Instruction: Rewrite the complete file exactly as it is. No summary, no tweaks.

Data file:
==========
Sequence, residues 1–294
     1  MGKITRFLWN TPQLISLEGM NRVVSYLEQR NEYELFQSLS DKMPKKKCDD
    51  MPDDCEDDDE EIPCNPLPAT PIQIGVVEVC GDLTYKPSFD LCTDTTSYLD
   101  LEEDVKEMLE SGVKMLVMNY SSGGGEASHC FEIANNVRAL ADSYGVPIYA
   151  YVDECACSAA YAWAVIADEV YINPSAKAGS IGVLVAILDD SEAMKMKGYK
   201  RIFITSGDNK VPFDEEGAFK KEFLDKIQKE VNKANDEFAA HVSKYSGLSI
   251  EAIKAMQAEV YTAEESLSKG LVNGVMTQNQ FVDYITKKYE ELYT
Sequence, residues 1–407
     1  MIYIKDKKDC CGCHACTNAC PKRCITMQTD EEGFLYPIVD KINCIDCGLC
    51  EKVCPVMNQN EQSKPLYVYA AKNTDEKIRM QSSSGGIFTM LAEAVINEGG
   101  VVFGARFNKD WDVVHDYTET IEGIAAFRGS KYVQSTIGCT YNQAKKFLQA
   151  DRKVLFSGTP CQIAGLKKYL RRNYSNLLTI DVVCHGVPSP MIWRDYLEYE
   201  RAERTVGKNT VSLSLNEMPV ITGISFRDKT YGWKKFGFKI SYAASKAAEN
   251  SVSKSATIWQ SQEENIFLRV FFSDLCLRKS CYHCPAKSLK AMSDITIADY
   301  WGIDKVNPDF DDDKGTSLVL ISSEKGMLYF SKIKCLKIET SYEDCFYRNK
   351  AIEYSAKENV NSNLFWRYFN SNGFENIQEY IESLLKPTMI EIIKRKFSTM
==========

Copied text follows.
Sequence, residues 1–294
     1  MGKITRFLWN TPQLISLEGM NRVVSYLEQR NEYELFQSLS DKMPKKKCDD
    51  MPDDCEDDDE EIPCNPLPAT PIQIGVVEVC GDLTYKPSFD LCTDTTSYLD
   101  LEEDVKEMLE SGVKMLVMNY SSGGGEASHC FEIANNVRAL ADSYGVPIYA
   151  YVDECACSAA YAWAVIADEV YINPSAKAGS IGVLVAILDD SEAMKMKGYK
   201  RIFITSGDNK VPFDEEGAFK KEFLDKIQKE VNKANDEFAA HVSKYSGLSI
   251  EAIKAMQAEV YTAEESLSKG LVNGVMTQNQ FVDYITKKYE ELYT
Sequence, residues 1–407
     1  MIYIKDKKDC CGCHACTNAC PKRCITMQTD EEGFLYPIVD KINCIDCGLC
    51  EKVCPVMNQN EQSKPLYVYA AKNTDEKIRM QSSSGGIFTM LAEAVINEGG
   101  VVFGARFNKD WDVVHDYTET IEGIAAFRGS KYVQSTIGCT YNQAKKFLQA
   151  DRKVLFSGTP CQIAGLKKYL RRNYSNLLTI DVVCHGVPSP MIWRDYLEYE
   201  RAERTVGKNT VSLSLNEMPV ITGISFRDKT YGWKKFGFKI SYAASKAAEN
   251  SVSKSATIWQ SQEENIFLRV FFSDLCLRKS CYHCPAKSLK AMSDITIADY
   301  WGIDKVNPDF DDDKGTSLVL ISSEKGMLYF SKIKCLKIET SYEDCFYRNK
   351  AIEYSAKENV NSNLFWRYFN SNGFENIQEY IESLLKPTMI EIIKRKFSTM